An op-amps internal power dissipation is due to its output being a class AB stage (usually) and they are about 60% power efficient in delivering load power. In other words, if the load power is 60 mW then the op-amp will be dissipating 40 mW.
But this is at maximum peak-to-peak output voltage. If if the op-amp is required to deliver only half the maximum peak-to-peak output voltage then efficiency drops significantly. The graph below compares an op-amp output against a class D driver but, the important thing to note is how a class AB stage drops efficiency when it is required to deliver less signal to the load (x-axis): -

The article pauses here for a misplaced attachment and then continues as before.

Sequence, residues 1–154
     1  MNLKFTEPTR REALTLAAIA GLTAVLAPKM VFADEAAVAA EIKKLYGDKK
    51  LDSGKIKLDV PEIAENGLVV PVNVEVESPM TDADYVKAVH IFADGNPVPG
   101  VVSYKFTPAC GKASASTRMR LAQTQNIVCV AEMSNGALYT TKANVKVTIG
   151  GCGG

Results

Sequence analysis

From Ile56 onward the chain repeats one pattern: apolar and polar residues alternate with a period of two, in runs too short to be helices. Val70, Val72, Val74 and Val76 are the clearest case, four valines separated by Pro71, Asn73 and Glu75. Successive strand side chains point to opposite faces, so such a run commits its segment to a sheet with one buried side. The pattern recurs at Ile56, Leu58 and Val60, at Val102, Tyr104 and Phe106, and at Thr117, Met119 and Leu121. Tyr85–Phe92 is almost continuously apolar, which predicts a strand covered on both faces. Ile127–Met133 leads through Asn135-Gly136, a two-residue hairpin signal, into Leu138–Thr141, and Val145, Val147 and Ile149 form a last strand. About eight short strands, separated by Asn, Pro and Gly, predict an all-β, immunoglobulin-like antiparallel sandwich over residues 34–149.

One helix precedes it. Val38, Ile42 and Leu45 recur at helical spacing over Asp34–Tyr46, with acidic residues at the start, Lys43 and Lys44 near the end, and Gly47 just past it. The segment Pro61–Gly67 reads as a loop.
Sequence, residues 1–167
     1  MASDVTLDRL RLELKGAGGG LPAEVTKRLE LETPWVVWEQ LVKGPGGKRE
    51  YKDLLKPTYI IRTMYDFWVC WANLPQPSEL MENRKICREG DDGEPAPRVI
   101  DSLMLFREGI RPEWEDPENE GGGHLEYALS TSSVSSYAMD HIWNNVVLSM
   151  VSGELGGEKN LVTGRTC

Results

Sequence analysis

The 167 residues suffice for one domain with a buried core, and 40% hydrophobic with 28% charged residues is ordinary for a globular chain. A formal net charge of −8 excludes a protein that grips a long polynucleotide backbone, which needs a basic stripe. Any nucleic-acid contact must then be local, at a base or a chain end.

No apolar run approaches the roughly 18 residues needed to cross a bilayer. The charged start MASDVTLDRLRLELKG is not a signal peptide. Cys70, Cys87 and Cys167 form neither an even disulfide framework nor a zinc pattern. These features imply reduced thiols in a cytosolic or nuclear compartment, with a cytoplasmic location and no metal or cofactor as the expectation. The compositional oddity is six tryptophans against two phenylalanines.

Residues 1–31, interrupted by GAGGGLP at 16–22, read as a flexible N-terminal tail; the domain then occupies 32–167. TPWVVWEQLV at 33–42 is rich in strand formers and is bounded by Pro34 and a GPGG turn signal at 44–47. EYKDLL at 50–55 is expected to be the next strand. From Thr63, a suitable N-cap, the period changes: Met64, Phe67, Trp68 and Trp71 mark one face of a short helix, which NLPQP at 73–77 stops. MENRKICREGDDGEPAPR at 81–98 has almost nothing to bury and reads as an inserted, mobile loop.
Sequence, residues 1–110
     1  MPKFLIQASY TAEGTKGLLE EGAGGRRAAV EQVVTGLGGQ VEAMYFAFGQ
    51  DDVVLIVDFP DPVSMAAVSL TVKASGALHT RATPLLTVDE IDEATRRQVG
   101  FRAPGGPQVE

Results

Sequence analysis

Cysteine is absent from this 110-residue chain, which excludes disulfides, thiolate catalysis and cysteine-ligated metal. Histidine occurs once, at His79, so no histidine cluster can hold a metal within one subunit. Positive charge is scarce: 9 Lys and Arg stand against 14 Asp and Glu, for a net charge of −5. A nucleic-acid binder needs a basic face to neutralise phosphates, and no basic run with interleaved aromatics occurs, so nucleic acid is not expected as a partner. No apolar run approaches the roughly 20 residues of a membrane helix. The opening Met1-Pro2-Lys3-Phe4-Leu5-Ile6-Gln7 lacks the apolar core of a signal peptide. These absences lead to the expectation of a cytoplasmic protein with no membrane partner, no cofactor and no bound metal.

Regarding reactive load currents versus resistive load currents, all the op-amp knows is that it is being asked to deliver current and that current passes through output transistors that will have voltage across them. That makes those output transistors dissipate power.
It's the same for a lossy power transmission line feeding a resistive/reactive load. The generator at the sending end only produces the resistive power required but the cable wiring resistance losses means that the cable dissipates power based on current flow (\$I^2R\$ losses) and that current flow is both reactive and resistive if the load is reactive and resistive.